Sunday, July 21, 2019

Fishing With Tom

My brother Eddie glanced over from the passenger seat.

"You think I'm going to buy a stinking licence so I can fish for, what? 15 minutes once a year? Hah."

FISHING WITH ED: Everything we learned about the
sport, we learned from Tom.
He and I were two hours south of the cabin where we were meeting our two older brothers, Alex and Tom, for the fourth--and as it turns out final--"Carter Brothers' Annual Fishing Getaway."*

It was a summer Friday afternoon. Almost 20 years ago. In the context of the time, Eddie's comment was neither controversial nor surprising. Fact one: It was a new thing. For most of our lives up to that point, Ontario residents didn't need fishing licences. It just seemed a weird thing to have to think about.

Fact two: Ed's a realist. He knew, from a lifetime of fishing with Tom, the likelihood of engaging in any activity resembling fishing (much less catching an actual fish) was less than zero.

Me, I had my licence, but it might have been expired. I was pretty certain Alex's was legal and up to date. Turns out he thought so too. (This is an important detail to remember for later in the story when John Law shows up.)

Tom was carrying a licence, but it belonged to his son Hugh. Tom was not trying to trick anyone. Hugh at the time lived in Toronto and had renewed his licence but it had been mailed to his parents' home back in Elliot Lake. Tom was going to give me the licence to deliver to Hugh. I'm thinking Tom didn't have a licence of his own because he knew he wouldn't be fishing.

Ed, Tom, Alex and I arrived at the cabin just past suppertime Friday. Too late to fish.

CRIME SCENE: An artist's rendering (I did the drawing.)
So we had a few beer around the campfire and bragged about our nephews and nieces.

Next morning, I was out in the canoe, sort of fishing.

I was most likely not wearing a life jacket. And assuming I wouldn't need it because never in my life had I been asked to produce a fishing licence, I had left mine in my jean jacket pocket, back at camp.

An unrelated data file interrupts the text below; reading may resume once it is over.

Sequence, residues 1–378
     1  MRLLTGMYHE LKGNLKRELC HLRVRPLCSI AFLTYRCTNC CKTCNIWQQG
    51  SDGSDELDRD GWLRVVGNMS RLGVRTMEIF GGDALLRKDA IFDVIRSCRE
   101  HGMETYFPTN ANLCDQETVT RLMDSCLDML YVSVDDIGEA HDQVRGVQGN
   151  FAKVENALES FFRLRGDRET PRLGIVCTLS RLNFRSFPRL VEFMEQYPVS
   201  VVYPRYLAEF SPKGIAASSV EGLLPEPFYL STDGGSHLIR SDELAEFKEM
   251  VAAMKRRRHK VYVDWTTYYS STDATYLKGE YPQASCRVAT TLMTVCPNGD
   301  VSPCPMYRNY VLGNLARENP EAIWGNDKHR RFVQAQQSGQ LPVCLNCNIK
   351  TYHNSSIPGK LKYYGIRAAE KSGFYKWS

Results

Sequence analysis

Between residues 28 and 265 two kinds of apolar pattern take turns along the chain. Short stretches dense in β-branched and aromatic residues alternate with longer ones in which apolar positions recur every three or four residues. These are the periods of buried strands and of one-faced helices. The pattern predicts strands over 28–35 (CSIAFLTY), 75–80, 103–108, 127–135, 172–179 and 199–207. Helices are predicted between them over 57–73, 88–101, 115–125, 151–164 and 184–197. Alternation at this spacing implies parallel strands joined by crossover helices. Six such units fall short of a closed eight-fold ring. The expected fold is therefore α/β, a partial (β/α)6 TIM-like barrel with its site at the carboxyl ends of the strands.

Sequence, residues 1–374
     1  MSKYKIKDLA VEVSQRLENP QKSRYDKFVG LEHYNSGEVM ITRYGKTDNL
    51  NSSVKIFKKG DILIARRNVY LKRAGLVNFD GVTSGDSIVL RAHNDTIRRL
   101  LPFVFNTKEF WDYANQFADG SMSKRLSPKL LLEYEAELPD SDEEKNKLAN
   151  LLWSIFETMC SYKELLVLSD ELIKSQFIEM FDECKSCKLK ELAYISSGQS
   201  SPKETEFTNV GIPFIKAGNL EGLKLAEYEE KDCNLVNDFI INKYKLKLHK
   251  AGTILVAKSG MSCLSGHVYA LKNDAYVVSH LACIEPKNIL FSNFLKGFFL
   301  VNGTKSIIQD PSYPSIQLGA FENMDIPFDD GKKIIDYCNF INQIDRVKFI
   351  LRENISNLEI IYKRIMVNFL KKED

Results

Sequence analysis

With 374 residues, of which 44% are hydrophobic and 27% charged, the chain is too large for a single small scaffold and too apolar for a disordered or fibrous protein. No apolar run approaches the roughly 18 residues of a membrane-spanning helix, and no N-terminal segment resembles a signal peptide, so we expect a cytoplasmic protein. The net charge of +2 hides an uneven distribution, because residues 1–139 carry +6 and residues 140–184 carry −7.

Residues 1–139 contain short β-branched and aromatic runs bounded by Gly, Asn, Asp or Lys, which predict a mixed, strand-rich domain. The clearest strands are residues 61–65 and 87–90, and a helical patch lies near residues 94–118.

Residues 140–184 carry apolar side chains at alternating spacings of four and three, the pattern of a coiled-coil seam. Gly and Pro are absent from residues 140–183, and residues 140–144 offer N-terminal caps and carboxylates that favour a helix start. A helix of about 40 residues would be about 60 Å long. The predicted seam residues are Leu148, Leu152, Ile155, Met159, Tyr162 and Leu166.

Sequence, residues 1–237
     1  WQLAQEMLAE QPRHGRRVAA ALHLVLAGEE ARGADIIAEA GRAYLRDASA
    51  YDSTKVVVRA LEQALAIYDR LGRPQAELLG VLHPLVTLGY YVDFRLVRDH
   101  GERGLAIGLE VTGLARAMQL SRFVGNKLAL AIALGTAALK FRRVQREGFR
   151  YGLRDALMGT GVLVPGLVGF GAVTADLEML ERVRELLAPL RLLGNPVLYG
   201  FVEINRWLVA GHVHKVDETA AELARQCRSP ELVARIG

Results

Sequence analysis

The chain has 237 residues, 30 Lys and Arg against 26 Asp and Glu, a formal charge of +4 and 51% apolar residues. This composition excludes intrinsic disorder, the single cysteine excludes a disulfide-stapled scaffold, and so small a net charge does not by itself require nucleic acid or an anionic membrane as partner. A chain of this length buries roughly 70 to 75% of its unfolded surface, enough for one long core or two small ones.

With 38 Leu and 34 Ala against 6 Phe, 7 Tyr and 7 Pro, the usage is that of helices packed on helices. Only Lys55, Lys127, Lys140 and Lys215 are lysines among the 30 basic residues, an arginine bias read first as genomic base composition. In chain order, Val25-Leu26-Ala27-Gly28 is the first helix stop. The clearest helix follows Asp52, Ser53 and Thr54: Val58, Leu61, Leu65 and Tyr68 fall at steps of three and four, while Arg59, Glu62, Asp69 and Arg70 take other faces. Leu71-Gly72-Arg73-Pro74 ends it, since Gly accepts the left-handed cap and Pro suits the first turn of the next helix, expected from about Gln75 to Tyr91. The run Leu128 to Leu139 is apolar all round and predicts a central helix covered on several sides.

I saw a small motorboat headed my way and knew immediately: Conservation officers.

They greeted me politely and asked where I was from and if I had a fishing permit. I said I did but it was back at camp. They said we'd go have a look see.

"Meet you back at your dock" they said.

For some reason, they didn't head directly to our camp, but headed across the river. I paddled as fast as I could and saw Ed fishing off the dock.

I yelled something like "Ed please go get my jacket so I can show the conservation officers my FISHING LICENCE!"

From then on, my memory's a little foggy. (The following play-by-play is a close approximation of what happened.)

Ed went up to the cabin to fetch my licence and Alex.

I pulled up to the dock; the COs arrived moments later, Ed and Alex came to the dock.

Tom, the wisest of the Carter brothers, stayed put 20 yards away, up beside the campfire.

I handed the COs my expired permit hoping for lenience, and Ed, when asked, handed over a piece of official-looking paper.

Meantime, Alex was happy that he was legit and proud that he had a licence but then the COs took him by surprise and told him it was expired. They told me mine was too and then said, "Tom what's your year of birth?"

That's not a mistake.

The conservation officer said "Tom, what's your year of birth?"

I didn't know why he was asking but figured Tom hadn't heard so I helpfully yelled "Tom! What year were you born?"

If Tom answered, I forget what he said.

But then it occured to me.

My nephew Hugh's name is actually Thomas Christopher Hugh and the CO was directing the question at Ed, who had handed him a fishing licence that said he was born in 1978, the year of Hugh's birth.

We all, save Tom, got busted.

It could have been a lot worse.

If the CO's wanted to, they could have confiscated our canoe and cars, but instead they leniently they just took our rods and reels and issued us a bunch of tickets for various infractions.

Our fishing weekend over, we packed up to head home.

Last thing I rememember was one of my brothers saying "Pete if you sell a story about this, I'm coming to your house and taking the money."

Something just occurred to me. Over the past however many years I've been alive, I learned a lot of really important life lessons while on fishing trips with Tom. I think I'm going to blog about a few more of them, soon.

Give a man a fish, you feed him for a day. Teach a man to fish, you feed him for a lifetime. Send a man out fishing with Tom, and you just never know. Stay tuned.

* No fish were harmed in the production of any of these expeditions.

3 comments:

  1. Now officially filed in the family archives hahaha

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